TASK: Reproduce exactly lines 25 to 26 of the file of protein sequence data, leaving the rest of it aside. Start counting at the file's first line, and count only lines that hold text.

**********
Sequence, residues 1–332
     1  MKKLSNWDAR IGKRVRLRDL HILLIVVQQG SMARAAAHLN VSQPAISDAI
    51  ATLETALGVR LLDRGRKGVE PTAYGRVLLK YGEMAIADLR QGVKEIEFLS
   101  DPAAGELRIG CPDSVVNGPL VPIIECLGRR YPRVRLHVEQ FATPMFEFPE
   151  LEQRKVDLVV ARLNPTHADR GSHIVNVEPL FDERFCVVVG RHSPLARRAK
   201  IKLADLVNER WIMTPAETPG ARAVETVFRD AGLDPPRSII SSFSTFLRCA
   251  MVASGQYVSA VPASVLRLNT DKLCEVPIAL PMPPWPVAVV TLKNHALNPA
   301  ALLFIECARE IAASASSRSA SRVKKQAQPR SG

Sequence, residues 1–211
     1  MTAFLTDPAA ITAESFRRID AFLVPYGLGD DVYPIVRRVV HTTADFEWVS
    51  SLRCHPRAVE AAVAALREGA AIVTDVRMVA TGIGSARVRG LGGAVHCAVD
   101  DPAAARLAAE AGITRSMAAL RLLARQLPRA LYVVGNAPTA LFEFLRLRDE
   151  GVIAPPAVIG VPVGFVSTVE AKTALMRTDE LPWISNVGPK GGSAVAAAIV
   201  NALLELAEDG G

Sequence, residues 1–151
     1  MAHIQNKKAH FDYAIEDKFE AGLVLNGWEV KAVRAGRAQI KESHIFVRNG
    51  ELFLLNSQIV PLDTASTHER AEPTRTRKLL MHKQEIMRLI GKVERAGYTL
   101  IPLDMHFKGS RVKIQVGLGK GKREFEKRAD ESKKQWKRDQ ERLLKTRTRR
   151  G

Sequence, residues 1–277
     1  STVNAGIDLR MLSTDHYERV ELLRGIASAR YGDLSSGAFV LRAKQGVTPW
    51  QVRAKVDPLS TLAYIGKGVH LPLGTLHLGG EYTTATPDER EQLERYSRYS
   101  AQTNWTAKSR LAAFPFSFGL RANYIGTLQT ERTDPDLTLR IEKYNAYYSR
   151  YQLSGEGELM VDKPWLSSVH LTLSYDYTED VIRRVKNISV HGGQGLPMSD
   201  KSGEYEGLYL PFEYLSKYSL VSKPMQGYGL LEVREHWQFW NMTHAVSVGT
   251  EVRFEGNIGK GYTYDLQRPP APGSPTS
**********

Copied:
   201  KSGEYEGLYL PFEYLSKYSL VSKPMQGYGL LEVREHWQFW NMTHAVSVGT
   251  EVRFEGNIGK GYTYDLQRPP APGSPTS